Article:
Peach season is here – and it will be with us until September. Because peaches don’t keep terribly well, that stretch will be filled by different varieties that mature at staggered times. If you find one you like, it will be gone soon enough, but if you stock up you are going to need some innovative ways to make use of them.
Reading up on peach recipes, I fully expected that most, if not all of them, would include a line mentioning that nectarines could be substituted, since a nectarine is a sort of smooth-skinned peach. But almost none of them did.
So, I guess it falls to me to offer this obvious advice: you can use nectarines in recipes that specify peaches, and vice versa. If you want to make nectarine melba, be my guest. If you want to use peaches in Dan Lepard’s nectarine strudel, I will not stop you (and neither, I suspect, will he).
Should you need to remove the fuzzy skin of your peaches for a recipe (often it is not necessary, but the skin can sometimes become tough with cooking), you can deploy the same method recommended for tomatoes: blanch them in just-boiled water for about a minute. When they are cool enough to handle, the skins should slip off.
Peaches reach their peak just as the summer heat makes cooking feel like a pointless drag. It is perhaps because of this that they feature in a lot of American desserts that seem to make a virtue of slapdashery and unfussiness, with names to match: slump, grunt, buckle. These days, the term “deconstructed” is preferred when you want to reassure people that the dish looks like that on purpose.
A peach slump is the kind of pie you throw together – lumpy biscuit dough spooned over sweetened, sliced peaches and then baked – but it is just as delicious as more presentable desserts. When the slump comes out of the oven, you invert it on to a serving dish so that the crust ends up on the bottom. This recipe uses American cups, but don’t let that get you down – pick an average-sized mug from the cupboard and eyeball the fractions. Hugh Fearnley-Whittingstall does an anglicised version, but he doesn’t flip it over at the end, which technically makes it a peach grunt.
Peach buckle is a type of rough-and-ready cake, traditionally cooked in and served from an iron skillet. Martha Stewart’s has a crunchy almond and cinnamon top. Again, she uses US measurements, but the relevant conversions are: 680g peaches; 113g butter; 150g sugar and 150g flour. Maths aside, the rest is easy: batter and peaches are folded together, sprinkled with the almond mixture and baked. For variety, you can replace some of the peaches with a seasonal berry of your choice.
Peach cobbler is very much in the same vein. Ruby Tandoh teams peaches with raspberries for her cornmeal cobbler, while Clare Ptak combines nectarines and cherries.
Yotam Ottolenghi’s peach, rosemary and lime galette has a more sophisticated ring to it, but that doesn’t mean it is any more difficult to produce. Shop-bought puff pastry keeps the effort to a minimum. This galette is a particularly good way to employ the hard, underripe peaches that are often all you can find, as is Nigel Slater’s peach and honey cake with pine nuts.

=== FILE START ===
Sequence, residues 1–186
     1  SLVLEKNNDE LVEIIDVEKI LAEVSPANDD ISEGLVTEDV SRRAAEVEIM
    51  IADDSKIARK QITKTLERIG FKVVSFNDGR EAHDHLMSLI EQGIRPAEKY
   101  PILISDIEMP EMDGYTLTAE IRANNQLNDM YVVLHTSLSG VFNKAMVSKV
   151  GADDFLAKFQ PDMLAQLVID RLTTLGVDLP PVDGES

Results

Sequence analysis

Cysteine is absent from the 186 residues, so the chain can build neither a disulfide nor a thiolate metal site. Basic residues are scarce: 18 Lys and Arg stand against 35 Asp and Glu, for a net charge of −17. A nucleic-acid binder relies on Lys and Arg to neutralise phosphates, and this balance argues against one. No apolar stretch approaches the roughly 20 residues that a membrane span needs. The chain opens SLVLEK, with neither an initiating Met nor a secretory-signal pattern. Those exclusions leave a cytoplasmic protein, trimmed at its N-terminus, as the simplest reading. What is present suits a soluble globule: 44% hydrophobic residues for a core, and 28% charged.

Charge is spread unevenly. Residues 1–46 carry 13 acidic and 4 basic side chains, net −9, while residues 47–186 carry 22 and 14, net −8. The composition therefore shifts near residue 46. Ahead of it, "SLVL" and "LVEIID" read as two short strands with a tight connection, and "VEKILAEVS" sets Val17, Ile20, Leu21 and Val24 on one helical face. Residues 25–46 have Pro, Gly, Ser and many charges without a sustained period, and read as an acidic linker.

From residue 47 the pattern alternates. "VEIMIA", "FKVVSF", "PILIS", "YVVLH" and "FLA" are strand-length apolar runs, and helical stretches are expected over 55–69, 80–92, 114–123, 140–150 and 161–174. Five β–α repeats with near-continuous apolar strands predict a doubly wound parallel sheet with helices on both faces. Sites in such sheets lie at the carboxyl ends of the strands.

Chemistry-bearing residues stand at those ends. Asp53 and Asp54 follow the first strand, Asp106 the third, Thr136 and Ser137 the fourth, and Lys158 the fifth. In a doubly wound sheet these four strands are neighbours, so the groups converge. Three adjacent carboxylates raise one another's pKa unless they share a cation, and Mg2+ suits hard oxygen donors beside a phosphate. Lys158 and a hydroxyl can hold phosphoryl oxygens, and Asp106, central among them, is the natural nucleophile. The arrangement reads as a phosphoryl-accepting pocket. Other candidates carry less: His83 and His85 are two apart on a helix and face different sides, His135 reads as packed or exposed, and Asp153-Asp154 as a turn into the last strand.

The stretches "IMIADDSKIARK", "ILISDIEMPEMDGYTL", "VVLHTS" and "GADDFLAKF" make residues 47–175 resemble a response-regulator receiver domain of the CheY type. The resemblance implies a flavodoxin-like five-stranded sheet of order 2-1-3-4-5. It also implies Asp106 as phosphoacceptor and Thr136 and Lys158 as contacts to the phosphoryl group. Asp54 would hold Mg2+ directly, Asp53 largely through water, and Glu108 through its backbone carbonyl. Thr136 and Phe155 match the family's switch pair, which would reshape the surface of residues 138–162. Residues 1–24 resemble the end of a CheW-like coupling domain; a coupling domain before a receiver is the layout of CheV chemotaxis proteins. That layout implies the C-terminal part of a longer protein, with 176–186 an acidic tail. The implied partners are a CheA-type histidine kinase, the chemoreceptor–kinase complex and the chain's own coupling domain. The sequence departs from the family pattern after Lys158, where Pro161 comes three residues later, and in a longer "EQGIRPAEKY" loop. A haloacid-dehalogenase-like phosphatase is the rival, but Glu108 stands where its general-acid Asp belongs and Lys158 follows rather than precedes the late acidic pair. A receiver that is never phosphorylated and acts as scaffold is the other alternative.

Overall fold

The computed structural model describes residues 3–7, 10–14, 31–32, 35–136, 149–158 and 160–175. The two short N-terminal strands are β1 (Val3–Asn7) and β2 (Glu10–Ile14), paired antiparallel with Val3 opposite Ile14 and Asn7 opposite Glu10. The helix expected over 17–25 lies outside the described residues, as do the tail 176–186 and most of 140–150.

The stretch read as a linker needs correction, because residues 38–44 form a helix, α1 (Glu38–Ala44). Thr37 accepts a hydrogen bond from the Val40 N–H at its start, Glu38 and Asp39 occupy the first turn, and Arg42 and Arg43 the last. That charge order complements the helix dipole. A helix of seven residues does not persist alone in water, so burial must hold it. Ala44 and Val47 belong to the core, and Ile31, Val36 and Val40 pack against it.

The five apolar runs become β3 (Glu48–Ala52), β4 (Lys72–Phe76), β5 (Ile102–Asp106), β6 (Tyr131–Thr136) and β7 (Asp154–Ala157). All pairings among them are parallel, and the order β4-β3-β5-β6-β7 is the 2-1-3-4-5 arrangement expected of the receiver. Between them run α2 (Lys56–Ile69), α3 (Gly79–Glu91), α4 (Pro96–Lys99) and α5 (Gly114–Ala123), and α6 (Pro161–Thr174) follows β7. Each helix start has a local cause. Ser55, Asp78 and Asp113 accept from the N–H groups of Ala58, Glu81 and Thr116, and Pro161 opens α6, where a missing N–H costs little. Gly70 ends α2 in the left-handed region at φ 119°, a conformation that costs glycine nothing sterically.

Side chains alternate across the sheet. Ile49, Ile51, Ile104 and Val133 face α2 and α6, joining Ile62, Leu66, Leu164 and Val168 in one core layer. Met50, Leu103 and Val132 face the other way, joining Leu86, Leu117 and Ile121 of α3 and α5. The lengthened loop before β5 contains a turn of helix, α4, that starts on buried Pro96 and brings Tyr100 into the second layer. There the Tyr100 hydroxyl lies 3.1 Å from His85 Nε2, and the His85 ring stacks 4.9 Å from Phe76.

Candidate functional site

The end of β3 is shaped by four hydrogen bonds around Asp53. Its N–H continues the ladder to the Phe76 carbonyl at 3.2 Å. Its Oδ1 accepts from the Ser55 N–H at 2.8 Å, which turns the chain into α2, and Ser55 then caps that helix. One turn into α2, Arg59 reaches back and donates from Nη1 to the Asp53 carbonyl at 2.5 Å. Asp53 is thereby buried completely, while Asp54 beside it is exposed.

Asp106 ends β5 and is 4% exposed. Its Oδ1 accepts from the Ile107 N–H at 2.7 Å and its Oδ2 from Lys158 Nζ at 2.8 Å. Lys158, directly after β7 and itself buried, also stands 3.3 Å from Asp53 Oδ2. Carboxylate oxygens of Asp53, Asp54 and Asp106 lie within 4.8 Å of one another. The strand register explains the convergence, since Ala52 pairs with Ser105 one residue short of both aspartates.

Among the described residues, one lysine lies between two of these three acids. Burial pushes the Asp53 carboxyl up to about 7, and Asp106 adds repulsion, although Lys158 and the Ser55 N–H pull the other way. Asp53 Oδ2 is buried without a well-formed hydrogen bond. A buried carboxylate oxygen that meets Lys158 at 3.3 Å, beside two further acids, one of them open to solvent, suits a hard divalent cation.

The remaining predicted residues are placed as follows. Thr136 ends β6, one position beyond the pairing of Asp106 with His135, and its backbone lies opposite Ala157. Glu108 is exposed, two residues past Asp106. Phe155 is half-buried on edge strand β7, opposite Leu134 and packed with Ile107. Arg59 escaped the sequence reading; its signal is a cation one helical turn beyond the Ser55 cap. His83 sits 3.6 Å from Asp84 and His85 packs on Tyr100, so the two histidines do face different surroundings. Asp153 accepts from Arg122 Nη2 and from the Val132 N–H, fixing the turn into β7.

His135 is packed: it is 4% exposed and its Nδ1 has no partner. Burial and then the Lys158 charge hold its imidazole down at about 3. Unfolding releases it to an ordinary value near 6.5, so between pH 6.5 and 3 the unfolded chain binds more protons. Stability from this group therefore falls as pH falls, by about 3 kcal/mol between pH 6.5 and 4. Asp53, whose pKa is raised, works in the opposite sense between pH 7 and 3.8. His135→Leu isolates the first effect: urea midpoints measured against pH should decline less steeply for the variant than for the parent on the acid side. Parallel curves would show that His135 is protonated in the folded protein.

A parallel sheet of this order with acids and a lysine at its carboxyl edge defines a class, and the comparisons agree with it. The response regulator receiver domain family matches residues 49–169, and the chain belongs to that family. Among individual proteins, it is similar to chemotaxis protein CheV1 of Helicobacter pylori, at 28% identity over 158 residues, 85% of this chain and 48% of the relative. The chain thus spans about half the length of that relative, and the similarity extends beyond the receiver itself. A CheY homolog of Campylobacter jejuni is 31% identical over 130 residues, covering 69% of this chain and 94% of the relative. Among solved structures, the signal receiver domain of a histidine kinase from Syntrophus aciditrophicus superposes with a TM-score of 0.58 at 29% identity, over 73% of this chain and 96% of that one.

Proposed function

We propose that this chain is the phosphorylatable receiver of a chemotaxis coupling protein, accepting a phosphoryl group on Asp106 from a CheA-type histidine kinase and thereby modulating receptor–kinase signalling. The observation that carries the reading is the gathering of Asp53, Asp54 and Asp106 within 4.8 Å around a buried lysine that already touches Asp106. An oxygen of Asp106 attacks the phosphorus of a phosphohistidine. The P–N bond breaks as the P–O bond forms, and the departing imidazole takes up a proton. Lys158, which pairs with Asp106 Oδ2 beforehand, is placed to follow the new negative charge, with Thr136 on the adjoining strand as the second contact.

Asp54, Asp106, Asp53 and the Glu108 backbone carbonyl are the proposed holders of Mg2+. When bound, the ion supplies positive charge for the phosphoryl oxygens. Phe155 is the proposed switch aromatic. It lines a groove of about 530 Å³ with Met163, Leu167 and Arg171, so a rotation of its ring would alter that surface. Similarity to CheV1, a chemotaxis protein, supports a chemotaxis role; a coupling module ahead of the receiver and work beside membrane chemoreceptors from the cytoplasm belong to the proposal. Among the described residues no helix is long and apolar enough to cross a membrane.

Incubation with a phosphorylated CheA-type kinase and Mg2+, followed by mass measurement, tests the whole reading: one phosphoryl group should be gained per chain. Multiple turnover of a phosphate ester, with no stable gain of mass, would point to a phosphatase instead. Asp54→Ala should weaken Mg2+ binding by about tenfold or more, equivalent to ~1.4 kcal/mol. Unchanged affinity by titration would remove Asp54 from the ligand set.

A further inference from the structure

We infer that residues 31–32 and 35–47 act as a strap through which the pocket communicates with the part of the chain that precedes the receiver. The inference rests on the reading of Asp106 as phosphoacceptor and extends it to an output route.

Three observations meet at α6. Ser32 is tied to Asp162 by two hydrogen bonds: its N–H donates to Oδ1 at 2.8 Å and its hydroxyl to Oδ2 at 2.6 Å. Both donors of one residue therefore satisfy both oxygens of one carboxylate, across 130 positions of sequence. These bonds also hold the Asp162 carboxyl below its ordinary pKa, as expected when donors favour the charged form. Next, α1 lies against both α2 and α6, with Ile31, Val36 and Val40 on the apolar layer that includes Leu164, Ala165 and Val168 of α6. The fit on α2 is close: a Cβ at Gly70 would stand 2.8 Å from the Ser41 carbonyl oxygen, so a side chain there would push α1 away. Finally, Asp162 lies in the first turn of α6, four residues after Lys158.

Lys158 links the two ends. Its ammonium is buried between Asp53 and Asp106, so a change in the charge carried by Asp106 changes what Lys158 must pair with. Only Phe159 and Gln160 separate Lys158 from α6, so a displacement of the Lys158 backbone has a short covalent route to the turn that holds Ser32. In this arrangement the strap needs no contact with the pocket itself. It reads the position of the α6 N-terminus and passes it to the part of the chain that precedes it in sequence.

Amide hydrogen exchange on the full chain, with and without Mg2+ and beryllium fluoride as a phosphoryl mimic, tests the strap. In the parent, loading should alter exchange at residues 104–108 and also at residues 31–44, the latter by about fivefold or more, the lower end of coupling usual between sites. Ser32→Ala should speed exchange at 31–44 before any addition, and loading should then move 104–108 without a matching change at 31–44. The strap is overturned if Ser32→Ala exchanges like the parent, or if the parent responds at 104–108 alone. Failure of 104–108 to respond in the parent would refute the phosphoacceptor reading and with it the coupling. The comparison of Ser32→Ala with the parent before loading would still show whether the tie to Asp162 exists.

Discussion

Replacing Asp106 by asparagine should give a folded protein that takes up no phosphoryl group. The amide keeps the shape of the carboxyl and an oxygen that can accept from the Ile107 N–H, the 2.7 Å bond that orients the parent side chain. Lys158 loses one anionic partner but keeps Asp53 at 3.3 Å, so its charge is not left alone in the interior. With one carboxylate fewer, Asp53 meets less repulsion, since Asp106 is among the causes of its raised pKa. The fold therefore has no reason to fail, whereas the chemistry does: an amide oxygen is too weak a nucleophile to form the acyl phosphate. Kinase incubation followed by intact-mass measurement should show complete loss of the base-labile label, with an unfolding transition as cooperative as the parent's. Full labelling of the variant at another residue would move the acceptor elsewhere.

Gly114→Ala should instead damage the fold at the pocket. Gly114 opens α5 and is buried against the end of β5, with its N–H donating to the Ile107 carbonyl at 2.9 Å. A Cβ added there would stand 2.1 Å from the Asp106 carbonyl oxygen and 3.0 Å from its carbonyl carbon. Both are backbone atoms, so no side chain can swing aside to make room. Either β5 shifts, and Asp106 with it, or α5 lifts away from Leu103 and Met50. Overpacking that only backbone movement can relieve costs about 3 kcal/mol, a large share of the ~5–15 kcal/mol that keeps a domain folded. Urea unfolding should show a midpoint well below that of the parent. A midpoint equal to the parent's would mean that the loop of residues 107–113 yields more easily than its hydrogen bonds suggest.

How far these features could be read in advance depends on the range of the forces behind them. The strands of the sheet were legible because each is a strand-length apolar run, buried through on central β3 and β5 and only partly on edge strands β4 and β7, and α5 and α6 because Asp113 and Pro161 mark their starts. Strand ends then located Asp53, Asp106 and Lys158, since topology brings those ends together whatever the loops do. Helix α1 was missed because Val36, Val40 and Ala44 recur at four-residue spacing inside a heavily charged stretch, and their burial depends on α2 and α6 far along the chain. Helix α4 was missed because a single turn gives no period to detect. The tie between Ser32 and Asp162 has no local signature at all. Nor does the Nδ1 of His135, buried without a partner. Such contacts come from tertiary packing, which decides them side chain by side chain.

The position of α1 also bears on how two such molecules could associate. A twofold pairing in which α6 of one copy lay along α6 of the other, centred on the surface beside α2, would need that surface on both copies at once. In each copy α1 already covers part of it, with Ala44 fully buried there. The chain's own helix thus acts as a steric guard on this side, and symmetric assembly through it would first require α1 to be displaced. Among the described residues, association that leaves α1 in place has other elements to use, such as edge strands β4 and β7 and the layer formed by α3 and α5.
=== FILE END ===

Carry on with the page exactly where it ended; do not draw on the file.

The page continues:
Truly the simplest treatment you can give a peach is a good roasting – a few minutes under a hot grill to concentrate the flavour. Clare Ptak roasts peaches halved with vanilla, raspberries and sweet white wine, which you could probably manage on a barbecue of a summer night, when everything else is cooked and the coals are still hot.
For a dessert with no heat in it, try a peach-based trifle. Thomasina Miers’s version (again pairing peaches with raspberries) includes a peach compote that comes together in about 10 minutes; if you make extra, you can have it for breakfast all week. There is a custard to make as well, but after that it is a mere matter of assembly. Then you and the trifle get to chill for a few hours.
Colder still is Liam Charles’s peach melba freeze-cake: a biscuit base topped with a filling of peaches, cream, cream cheese and ice-cream, swirled with a raspberry drizzle and frozen hard. This is, of course, a spin-off of peach melba, the classic (and deeply unfashionable) pudding created in honour of Nellie Melba by the French chef Auguste Escoffier more than a century ago. There is a lot of debate about the poaching – or not – of the peaches, but Felicity Cloake’s authoritative version strives to capture its original simplicity, which fortunately means it is also pretty easy.
Peaches are not just for pudding. They can feature in salads alongside savoury and especially salty ingredients, where you might otherwise deploy some kind of melon. Ottolenghi’s peach, raspberry and watercress salad is a great, if counterintuitive, accompaniment to pork belly.
Miers’s freekeh, nectarine and halloumi salad offers a comprehensive range of flavours – sweet, sour, salt – and textures in a simple summer lunch. Fearnley-Whittingstall’s peach, prosciutto, ricotta and rocket salad is in the same ballpark, while this peach panzanella, with brioche croutons, lettuce and mozzarella, is just the right side of weird.
Finally, there is peach shrub. This is not a plant, but a sweet-and-sour syrup used in all manner of alcoholic and non-alcoholic cocktails. It is a combination of macerated, sieved peaches, cider vinegar and, in this case, ginger. The proportions are straightforward, the preparation basic and the result will keep in the fridge for months, although you might fancy a little right now. And, by all means, try it with nectarines.